The Eckhart G. Grohmann Collection “Man at Work” comprises more than 900 paintings and sculptures from 1580 to the present. They reflect a variety of artistic styles and subjects that document the evolution of organized work. From farming and mining to trades as glassblowing and seaweed gathering. Later, it is machines and men embodying the paradoxes of industrialism– dark factory interiors with glowing molten metal juxtaposed with workers.
The earlier paintings depict the early forms of work, such as men and women working on the farm or at home. Later images show trades people engaged in their work, such as the blacksmith, chemist, cobbler, cork maker, glass blower and taxidermist. The most recent works are images of machines and men embodying the paradoxes of industrialism of the mid-18th century to post-World War II. These works, often commissioned by the factory’s owner, are exterior views of steel mills and foundries surrounded by hefty trains and tracks or dark factory interiors where glowing molten metal is juxtaposed with factory workers and managers.
Most of the paintings are by German and Dutch artists, although others include American, Austrian, Belgian, Bohemian, Danish,Dutch, English, Hungarian, Flemish, French and Spanish.
Highlights of the Collection
- Flemish painter Marten van Valckenborch (1535-1612), River Valley with Iron Smelter, ca.1600
- Dutch artist Pieter Brueghel the Younger (1564-1638), The Peasant Lawyer
- Dutch artist Jan Josefsz van Goyen (1596-1656), A River Landscape with Lime-Kilns
- German painter Ludwig Knaus (1829-1910), Magician in the Barn, 1862
- American painter J.G. Brown (1831-1913), Extra, Extra (The Paper Boy), 1904
- American painter F.A. Bridgman (1847-1928), Seaweed Gatherers, 1912
- German painter Max Liebermann (1847-1935) an oil painting that led to his renowned Flax Barn at Laren painting, now at the National Gallery in Berlin.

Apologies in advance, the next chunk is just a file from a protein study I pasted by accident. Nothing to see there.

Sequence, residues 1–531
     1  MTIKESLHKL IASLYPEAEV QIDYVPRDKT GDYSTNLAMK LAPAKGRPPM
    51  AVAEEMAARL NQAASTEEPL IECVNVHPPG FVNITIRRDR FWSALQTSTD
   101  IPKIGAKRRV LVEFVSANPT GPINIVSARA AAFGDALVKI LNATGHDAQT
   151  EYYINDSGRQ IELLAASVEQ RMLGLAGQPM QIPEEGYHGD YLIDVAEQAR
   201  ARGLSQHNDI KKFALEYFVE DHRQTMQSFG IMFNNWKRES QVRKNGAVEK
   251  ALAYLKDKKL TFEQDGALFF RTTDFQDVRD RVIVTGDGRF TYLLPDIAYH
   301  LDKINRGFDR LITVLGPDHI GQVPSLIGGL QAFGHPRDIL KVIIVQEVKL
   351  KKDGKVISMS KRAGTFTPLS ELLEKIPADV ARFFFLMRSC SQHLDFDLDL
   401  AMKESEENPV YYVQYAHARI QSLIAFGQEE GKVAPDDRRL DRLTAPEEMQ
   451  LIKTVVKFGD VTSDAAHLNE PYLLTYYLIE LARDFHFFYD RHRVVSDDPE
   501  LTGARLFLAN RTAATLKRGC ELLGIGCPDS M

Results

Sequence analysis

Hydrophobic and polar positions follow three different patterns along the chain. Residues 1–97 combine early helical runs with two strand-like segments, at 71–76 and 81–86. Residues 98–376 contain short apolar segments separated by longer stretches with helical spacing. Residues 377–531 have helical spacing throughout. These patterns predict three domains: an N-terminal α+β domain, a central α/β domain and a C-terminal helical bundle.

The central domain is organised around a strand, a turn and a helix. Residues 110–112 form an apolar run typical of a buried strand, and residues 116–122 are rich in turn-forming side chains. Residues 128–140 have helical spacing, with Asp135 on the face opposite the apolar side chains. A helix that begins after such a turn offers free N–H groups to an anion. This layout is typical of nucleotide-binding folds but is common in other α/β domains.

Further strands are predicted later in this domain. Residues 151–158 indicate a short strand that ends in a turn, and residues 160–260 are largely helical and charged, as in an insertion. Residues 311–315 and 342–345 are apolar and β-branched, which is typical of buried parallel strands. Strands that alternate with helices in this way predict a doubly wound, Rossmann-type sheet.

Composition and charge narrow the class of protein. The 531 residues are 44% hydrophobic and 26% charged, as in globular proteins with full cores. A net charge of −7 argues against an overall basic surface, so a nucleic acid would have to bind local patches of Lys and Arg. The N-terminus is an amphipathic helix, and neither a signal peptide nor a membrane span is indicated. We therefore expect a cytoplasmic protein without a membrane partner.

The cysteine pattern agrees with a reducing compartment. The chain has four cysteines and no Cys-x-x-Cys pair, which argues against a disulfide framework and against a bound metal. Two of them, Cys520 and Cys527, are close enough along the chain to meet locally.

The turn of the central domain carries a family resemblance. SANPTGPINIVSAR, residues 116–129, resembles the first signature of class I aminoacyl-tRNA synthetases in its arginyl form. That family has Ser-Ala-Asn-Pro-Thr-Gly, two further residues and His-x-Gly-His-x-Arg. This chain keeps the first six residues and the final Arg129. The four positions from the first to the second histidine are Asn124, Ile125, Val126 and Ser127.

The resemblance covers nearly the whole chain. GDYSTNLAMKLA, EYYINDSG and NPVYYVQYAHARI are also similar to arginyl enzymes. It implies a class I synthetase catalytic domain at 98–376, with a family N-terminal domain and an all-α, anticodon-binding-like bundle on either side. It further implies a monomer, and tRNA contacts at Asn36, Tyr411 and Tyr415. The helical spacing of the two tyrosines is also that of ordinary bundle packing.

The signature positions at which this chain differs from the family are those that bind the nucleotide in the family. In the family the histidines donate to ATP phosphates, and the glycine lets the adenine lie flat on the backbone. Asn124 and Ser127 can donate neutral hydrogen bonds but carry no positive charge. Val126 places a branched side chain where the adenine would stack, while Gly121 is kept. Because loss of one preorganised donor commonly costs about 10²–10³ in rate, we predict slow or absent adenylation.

- French painter Julien Dupré (1851-1910), Stacking Grain Sheafs
- German artist Erich Mercker (1891-1973) The collection includes 81 works by Mercker who, working in loose brushwork style, rendered colorful images of steel mills and foundries, bridge- and ship-building, quarries and interior views of factories.
- Bronze sculptures include: Longshoremen, farmers, miners, foundry workers and other laborers in the process of using the tools of their trades. Artists include Adrien-Etienne Gaudez, Gerhard Adolf Janensch, Constantin-Emile Meunier, Emile Louis Picault, and Americans Malcom Alexander, Max Kalish, Landon Lamb and Frederic Remington.
Dr. Eckhart Grohmann, Collector and Donor
The Grohmann Museum is named in honor of Dr. Eckhart Grohmann, an MSOE Regent, Milwaukee businessman and avid art collector, who donated this collection to MSOE in 2001 and subsequently the funds to purchase, renovate and operate the museum that bears his name. Dr. Grohmann and his wife, Ischi, are longtime supporters of scholarships for MSOE students and donated funds to purchase the property for the Kern Center, MSOE’s health and wellness facility that opened in 2004.
Grohmann grew up visiting his grandfather’s large marble processing business and quarry operation in Silesia, Germany (now within the borders of Poland). It was there, watching the stone cutters and sculptors select raw material that would soon become a work of art, that he developed his appreciation and admiration of work. To Grohmann, hard work is not an idealized concept but a principle of life.
Grohmann is the former chairman and president of Milwaukee’s Aluminum Casting & Engineering Co., a firm he acquired in 1965 and grew from a small foundry of 35 employees to a company ten times that size when he sold the business in 2007. A successful entrepreneur, Grohmann co-founded Central Control Alarm Corp. in 1980 and developed it into the leading alarm company in Wisconsin before selling it to Ameritech in 1997.
He earned a Diplom Kaufmann (MBA) from the University of Mannheim in 1962 and received an honorary Doctor of Engineering degree from MSOE in 1999. Dr. Grohmann has served as an MSOE Corporation member since 1974 and Regent since 1990. He has been collecting works of art since the 1960s.
In discussing his gift of the art collection to MSOE, Grohmann identified the similarity between the evolution of work and the pragmatic educational approach of the university. A university setting provides students, staff and visitors with a historical context for their own activities as they relate to engineering and business.